Your surgeon or his/her staff will see you on a daily basis. Your primary care doctor may also visit you while you are in the hospital. If your primary care physician does not come to Good Samaritan Hospital or you don’t have a primary care physician, you may be assigned to a physician called a "hospitalist." This physician will see you daily in addition to your surgeon.
You will be scheduled to see your surgeon in the office for a follow-up appointment usually 1-2 weeks following your surgery and again several weeks later.
You may have physician orders to get out of bed the afternoon or evening after surgery depending upon what time of day your surgery takes place.
After orthopedic surgery, most patients return directly home from the hospital with ongoing therapy and/or nursing care. Your physician will discuss discharge plans with you prior to hospitalization. Depending upon your personal medical needs you could transition to:
Home with outpatient therapy services
Home with home health care therapy and/or nursing care
A skilled nursing facility where nursing and therapy services are provided
An inpatient rehabilitation facility where frequent physician/medical care, nursing and therapy services are provided
Your nurse navigator will assist you with arrangements for ongoing care as needed including equipment needs, home health care or skilled nursing facility placement. For your safety and convenience when you get home, here are some suggestions on how you can prepare your home before you come to the hospital:
Remove clutter and throw rugs. Remove or tape down any cords/wires. Know where flooring is uneven (thresholds).
Have all areas of the home well lit (consider night lights in bathrooms and bedrooms).
Widen pathways so that you may get your walker through.
Have hand rails on stairs. Consider grab bars in the bathroom for assistance standing.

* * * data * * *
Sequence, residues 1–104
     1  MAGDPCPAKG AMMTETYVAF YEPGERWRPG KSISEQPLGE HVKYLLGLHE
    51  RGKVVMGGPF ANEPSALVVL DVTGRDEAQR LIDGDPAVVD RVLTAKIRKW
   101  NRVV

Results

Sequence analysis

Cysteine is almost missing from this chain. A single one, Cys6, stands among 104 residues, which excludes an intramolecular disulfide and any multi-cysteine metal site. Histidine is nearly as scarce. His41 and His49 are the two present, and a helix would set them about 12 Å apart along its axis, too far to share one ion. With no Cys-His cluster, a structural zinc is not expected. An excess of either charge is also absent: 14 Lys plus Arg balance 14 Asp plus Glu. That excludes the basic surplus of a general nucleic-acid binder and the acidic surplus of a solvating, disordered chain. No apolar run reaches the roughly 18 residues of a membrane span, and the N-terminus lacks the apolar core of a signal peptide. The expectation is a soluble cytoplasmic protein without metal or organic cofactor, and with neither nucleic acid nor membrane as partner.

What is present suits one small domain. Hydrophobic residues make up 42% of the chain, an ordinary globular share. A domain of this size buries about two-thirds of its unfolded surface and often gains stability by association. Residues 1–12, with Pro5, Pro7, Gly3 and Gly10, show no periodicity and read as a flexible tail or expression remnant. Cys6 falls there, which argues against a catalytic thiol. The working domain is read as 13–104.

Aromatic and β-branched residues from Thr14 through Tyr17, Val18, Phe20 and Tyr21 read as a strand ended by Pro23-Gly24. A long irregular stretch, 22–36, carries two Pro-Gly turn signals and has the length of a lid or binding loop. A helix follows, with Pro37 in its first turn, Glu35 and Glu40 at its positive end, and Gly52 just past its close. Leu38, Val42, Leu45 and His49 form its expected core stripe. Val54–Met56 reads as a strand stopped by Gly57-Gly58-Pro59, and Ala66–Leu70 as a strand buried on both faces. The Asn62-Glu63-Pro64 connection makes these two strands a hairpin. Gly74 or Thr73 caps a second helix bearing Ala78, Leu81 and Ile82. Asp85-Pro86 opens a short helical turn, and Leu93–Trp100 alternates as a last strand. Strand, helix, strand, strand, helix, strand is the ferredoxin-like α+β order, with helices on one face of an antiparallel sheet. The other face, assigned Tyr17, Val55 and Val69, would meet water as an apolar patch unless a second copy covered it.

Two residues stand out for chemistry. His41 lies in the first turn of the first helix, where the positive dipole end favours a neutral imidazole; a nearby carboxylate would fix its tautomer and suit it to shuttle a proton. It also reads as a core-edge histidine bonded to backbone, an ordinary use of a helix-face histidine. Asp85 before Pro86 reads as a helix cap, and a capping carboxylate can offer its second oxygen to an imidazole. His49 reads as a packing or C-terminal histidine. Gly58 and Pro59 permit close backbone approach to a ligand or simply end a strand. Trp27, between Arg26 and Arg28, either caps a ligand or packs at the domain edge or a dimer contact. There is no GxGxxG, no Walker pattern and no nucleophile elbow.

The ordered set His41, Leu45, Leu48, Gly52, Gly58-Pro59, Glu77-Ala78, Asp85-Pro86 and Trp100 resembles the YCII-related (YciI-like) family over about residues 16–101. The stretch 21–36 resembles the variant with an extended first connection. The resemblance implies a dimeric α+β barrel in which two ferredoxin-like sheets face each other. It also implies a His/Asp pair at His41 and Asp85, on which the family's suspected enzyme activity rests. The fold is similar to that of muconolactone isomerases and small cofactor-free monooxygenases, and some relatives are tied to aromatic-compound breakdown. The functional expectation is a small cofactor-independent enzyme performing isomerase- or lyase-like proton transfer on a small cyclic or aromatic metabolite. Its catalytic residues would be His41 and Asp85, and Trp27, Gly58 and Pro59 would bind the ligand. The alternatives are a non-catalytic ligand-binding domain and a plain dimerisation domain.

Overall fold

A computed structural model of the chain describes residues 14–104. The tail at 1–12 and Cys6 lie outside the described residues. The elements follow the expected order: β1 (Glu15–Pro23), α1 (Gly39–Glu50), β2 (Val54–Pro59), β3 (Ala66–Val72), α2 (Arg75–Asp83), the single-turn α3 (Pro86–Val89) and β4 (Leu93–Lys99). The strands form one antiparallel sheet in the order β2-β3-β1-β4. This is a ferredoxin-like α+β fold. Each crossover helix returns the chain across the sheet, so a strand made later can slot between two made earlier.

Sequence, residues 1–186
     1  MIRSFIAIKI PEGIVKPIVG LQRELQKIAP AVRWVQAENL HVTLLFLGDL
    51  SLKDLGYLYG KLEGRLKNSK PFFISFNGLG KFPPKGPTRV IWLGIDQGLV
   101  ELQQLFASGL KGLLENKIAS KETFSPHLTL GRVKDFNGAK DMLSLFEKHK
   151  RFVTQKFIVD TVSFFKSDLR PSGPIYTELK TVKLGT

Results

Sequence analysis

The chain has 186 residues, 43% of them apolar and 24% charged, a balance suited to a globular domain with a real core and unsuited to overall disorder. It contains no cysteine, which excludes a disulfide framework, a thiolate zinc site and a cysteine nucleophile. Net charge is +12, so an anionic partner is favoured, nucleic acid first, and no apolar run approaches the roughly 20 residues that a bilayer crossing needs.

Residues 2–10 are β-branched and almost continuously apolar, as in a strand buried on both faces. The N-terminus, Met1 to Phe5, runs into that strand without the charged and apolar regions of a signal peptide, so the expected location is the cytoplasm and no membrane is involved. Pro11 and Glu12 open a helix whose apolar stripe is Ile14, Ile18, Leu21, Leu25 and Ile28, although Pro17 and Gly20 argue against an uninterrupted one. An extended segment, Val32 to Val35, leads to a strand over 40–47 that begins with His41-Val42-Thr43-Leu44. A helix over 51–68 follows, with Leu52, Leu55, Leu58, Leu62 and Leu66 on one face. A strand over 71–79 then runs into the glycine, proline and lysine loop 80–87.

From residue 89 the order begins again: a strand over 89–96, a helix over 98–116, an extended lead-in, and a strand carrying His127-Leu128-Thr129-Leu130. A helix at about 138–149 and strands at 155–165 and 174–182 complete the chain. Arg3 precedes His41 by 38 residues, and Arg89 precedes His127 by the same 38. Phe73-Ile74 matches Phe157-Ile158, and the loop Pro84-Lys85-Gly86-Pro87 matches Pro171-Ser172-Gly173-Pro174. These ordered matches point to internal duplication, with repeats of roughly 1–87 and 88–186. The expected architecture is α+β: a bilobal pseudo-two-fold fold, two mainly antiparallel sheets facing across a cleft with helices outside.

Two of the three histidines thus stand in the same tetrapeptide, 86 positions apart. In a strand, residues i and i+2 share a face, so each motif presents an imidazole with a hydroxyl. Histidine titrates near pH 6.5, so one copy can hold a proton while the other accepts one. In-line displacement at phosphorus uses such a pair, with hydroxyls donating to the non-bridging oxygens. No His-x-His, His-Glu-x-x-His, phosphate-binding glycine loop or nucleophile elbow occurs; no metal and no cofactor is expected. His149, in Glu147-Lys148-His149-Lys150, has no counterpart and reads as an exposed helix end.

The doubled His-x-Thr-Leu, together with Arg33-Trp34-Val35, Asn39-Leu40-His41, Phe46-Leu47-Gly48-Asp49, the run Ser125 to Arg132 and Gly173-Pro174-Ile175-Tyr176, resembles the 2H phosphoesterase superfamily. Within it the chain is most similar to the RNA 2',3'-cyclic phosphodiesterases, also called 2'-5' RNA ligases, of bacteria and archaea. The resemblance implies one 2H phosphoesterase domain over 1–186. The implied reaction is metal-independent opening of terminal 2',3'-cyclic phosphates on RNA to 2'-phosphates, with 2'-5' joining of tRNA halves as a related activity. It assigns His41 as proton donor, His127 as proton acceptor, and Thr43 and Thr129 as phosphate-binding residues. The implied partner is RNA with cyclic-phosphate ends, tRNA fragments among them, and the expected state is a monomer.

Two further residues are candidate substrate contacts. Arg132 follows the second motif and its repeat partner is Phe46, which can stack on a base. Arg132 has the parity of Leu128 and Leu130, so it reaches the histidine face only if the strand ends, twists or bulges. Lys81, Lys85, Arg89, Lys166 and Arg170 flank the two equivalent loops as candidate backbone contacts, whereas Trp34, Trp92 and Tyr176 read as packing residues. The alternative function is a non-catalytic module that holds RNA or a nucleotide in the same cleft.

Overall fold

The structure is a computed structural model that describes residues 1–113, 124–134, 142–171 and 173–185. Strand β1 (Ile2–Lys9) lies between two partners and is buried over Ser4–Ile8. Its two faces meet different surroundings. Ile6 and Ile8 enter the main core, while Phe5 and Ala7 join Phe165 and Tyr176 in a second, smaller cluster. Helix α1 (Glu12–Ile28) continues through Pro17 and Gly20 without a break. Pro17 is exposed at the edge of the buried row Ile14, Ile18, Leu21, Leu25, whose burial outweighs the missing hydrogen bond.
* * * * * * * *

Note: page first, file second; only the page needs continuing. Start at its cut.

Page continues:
Move things you might need to areas where you can reach them.
Prepare meals to put in the freezer to simplify cooking.
Arrange for help with shopping and transportation to appointments.
You will be discharged from the hospital dependent on your condition and progress. Most patients are able to go directly home following their hospital stay.
Plan to have your "Coach" or a family member/significant other help you at home the first day or two. You should not be at home alone the first night after your surgery.
If you have young children at home, you should not plan to care for them the first day after you return home.
Your surgeon will give you instructions about the activity level you should maintain at home.
Generally, you may be up and about as you are comfortable with no strenuous activity (i.e. pushing or pulling heavy objects). Going up and down stairs is permitted depending on how well you have done with stairs during therapy -- remember to take them slowly.
Follow your exercise instructions.
Sit in chairs that give adequate support and have arms that you can use to help yourself stand up.
Don't cross your legs when you sit or stand. Don't twist your affected joint.
Ask for help to put on shoes and socks.
Continue to wear your elastic TED hose as your surgeon instructs. Remember to remove your TED hose every day.
You may bathe or shower as your surgeon instructs.
No driving, until released to do so by your physician (prescription medication can impair your judgment).
Keep your incision clean and dry. Change your dressing as instructed (if you have one).
Get plenty of rest.
(Knee) If you have a nerve block, a home health nurse will remove the tube after you go home.
Notify your surgeon if you have:
Redness and/or swelling at the incision site
Drainage from the surgical incision
Pain in the calf of your leg or increased swelling in your leg
A fever greater than 101 degrees Fahrenheit
Pain that is not controlled by the medication prescribed for you for home
Remember that your new joint may set off metal detectors in airports and other places.
Let your doctor or dentist know before you have other procedures or surgery done. Antibiotics may be necessary before these invasive procedures to prevent infection.